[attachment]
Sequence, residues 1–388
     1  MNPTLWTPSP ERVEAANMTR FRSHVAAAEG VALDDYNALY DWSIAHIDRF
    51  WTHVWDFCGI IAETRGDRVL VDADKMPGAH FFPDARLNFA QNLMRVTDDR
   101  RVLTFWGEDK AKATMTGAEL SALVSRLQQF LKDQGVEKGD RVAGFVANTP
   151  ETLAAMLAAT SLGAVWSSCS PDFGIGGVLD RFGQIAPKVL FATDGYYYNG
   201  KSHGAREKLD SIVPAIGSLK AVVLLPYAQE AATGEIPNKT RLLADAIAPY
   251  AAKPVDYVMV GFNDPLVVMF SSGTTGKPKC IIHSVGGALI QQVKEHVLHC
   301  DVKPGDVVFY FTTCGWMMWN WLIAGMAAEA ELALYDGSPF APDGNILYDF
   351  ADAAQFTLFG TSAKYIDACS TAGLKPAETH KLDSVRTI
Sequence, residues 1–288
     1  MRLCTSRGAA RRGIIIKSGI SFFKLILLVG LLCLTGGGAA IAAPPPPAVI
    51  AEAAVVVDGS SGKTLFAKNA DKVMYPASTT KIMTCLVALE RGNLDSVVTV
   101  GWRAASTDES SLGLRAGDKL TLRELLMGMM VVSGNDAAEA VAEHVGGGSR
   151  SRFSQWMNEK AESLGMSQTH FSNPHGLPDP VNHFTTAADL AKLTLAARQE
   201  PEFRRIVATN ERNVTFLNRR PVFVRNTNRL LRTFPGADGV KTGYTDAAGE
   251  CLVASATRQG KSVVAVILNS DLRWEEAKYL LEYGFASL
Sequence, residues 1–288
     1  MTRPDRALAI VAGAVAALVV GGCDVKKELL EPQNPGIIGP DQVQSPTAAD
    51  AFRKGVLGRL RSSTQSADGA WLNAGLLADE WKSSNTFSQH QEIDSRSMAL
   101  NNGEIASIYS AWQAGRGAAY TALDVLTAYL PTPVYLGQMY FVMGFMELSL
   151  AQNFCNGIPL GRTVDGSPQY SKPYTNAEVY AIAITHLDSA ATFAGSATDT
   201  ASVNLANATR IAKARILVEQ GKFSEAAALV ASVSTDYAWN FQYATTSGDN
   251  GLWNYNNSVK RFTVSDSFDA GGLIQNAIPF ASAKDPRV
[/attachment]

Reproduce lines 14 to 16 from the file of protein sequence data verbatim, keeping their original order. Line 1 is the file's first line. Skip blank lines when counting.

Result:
   151  SRFSQWMNEK AESLGMSQTH FSNPHGLPDP VNHFTTAADL AKLTLAARQE
   201  PEFRRIVATN ERNVTFLNRR PVFVRNTNRL LRTFPGADGV KTGYTDAAGE
   251  CLVASATRQG KSVVAVILNS DLRWEEAKYL LEYGFASL